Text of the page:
Stealing Buddha’s Dinner

Title: Stealing Buddha’s Dinner

Author: Bich Minn Nguyen

Summary:This book is unique, entertaining and interesting in it’s perspective on the immigrant (Vietnamese) experience. The setting takes us back to the 1980′s in Michigan. Much of the assimilation experience is relayed through foods such as ice cream, Pringles, and Happy Meals.

Who will like this book?: This memoir is a must for foodie bookworms!

If you like this, try this: Bento Box in the Heartland by Linda Furiya and Fortune Cookies Chronicles by Jennifer 8. Lee

Recommended by: Laurie, Circulation.

Nixonland

Title: Nixonland: The Rise of a President and the Fracturing of America

Author: Rick Pearlstein

Summary: Great historical epic. Not jut a fascinating account of the rise of Richard Nixon, but also the best account of the decade of the 1960s. Full of detail and great characters.

Who will like this book?: Anyone interested in this period of our recent history.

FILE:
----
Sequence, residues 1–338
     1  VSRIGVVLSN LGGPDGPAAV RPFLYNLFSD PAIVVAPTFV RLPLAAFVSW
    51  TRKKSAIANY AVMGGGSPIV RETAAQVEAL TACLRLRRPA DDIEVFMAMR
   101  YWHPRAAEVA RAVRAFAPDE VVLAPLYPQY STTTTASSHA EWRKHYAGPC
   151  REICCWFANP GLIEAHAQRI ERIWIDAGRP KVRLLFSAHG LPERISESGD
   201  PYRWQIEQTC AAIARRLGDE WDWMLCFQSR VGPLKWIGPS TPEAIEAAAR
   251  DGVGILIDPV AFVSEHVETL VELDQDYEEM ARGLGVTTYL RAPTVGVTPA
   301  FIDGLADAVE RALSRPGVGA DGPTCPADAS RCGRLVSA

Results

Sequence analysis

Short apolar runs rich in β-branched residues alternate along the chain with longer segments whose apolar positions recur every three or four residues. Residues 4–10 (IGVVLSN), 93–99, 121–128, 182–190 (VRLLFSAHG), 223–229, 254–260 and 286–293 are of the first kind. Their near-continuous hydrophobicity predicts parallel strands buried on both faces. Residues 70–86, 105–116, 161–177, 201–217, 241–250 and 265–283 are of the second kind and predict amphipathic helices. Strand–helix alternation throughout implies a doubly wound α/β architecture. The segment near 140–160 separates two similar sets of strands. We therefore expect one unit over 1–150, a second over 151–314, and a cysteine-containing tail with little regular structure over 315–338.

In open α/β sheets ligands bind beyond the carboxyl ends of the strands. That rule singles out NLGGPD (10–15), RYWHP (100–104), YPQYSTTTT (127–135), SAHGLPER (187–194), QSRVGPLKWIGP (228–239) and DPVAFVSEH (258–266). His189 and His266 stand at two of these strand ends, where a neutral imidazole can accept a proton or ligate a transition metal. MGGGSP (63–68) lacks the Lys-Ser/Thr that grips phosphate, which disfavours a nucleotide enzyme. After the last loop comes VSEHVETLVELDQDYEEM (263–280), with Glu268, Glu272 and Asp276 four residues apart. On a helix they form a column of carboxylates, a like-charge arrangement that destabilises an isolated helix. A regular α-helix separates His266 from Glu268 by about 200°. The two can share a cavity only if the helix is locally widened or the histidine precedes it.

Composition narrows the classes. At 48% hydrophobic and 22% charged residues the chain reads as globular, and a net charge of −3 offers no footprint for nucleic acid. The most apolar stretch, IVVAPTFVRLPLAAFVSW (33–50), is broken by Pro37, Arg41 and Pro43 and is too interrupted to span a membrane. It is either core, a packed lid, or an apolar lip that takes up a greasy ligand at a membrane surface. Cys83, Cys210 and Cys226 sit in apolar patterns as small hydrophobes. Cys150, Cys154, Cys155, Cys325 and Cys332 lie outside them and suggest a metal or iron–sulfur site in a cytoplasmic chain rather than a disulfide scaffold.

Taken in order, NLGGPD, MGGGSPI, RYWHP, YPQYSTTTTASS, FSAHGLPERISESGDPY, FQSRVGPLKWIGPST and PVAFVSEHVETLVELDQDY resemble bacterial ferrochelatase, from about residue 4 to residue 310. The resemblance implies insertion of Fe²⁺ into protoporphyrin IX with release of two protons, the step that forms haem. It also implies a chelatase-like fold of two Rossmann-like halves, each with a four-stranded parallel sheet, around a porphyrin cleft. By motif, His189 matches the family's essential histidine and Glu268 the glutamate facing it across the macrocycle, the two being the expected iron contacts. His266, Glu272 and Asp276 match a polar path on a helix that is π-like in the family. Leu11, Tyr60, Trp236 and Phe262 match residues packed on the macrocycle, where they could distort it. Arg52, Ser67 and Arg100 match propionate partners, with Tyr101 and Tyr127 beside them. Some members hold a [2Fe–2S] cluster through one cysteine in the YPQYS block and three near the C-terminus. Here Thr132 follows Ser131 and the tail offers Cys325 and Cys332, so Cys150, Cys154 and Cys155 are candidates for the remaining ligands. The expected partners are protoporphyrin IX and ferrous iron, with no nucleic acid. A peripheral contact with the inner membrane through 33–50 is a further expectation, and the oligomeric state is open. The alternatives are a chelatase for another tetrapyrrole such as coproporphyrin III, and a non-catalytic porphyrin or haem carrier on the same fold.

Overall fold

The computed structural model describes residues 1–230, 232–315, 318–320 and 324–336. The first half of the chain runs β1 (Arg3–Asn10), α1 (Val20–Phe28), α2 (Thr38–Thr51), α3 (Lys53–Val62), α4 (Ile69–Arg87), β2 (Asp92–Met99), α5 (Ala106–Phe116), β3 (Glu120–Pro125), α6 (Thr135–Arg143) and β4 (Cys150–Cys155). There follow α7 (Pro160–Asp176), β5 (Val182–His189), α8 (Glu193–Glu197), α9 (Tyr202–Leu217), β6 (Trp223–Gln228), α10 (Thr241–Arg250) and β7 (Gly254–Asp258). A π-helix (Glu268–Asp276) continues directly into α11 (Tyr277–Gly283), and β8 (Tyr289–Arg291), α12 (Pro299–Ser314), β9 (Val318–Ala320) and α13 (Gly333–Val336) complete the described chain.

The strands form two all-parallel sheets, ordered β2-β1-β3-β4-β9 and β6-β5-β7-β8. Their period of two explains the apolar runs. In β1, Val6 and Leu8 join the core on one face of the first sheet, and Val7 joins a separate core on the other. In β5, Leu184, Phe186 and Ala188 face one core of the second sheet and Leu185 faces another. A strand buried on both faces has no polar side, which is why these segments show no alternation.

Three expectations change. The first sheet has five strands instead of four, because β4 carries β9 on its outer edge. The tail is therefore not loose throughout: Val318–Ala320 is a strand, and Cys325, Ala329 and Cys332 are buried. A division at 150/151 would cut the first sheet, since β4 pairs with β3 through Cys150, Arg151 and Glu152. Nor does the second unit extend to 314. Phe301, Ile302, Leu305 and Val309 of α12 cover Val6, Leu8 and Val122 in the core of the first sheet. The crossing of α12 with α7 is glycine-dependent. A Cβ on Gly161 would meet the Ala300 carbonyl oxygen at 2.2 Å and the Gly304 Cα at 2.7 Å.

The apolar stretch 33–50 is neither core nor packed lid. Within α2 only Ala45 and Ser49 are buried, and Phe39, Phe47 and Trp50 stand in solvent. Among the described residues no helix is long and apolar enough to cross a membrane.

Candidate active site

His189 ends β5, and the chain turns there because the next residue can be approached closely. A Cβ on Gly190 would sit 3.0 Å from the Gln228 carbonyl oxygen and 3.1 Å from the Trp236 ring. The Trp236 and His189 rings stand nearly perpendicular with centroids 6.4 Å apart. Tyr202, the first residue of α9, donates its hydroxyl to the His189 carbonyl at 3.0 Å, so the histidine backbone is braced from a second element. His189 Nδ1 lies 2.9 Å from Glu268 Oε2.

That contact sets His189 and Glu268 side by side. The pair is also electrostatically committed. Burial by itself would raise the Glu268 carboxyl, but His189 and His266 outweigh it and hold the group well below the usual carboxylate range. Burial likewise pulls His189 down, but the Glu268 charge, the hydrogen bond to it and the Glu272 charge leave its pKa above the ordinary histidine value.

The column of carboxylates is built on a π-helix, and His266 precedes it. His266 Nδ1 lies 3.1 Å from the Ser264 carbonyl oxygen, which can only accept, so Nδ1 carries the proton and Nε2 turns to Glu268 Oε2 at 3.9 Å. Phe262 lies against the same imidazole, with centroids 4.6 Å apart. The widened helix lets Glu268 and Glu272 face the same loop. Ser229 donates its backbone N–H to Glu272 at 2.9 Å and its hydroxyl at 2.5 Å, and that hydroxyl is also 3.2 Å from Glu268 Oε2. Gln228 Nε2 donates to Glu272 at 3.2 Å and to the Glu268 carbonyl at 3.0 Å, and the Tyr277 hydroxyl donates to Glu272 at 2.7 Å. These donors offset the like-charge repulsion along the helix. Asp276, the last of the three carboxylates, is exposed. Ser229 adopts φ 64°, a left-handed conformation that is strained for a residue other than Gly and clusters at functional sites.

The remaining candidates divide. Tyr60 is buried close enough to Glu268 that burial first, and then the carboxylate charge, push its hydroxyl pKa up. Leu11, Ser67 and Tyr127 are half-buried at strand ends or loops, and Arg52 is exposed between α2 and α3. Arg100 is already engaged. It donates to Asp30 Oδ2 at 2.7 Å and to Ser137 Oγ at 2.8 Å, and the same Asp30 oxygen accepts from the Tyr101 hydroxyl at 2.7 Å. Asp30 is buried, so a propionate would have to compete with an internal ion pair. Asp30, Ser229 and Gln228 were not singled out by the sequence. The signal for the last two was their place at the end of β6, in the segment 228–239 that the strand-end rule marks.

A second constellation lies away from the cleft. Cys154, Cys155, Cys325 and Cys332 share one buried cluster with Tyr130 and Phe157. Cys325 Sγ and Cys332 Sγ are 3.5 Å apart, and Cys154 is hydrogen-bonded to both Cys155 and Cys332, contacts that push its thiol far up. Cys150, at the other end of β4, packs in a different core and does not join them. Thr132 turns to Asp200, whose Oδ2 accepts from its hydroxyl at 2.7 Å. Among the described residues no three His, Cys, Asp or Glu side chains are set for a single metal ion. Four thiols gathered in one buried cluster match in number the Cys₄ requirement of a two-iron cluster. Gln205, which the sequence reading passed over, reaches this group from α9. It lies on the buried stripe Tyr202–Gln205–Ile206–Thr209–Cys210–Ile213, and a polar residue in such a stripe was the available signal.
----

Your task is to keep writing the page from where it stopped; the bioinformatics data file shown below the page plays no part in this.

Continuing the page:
If you like this, try this: Bush’s Law by Eric Lichtblau

Recommended by: Cliff, Reference Librarian

Escape

Title: Escape

Author:Carolyn Jessop

Summary: When Carolyn was 18, she married Merril Jessop. She was his fourth wife. Fifteen years later, she took her eight children and fled, becoming the first woman to successfully win a custody case against a polygamist husband. In this harrowing book, Carolyn describes day to day life as a member of the Fundamentalist Latter Day Saints (FLDS) and the monumental struggle she endured trying to protect her children from her petty and cruel ‘sister wives,’ emotionally abusive husband, and the community itself as it sank deeper into paranoia and religious fervor.

With the recent focus on polygamy in the Western U.S., this unforgettable book is as timely as it is fascinating. Jessop’s story is incredible, and her resilience and hopeful outlook are astonishing.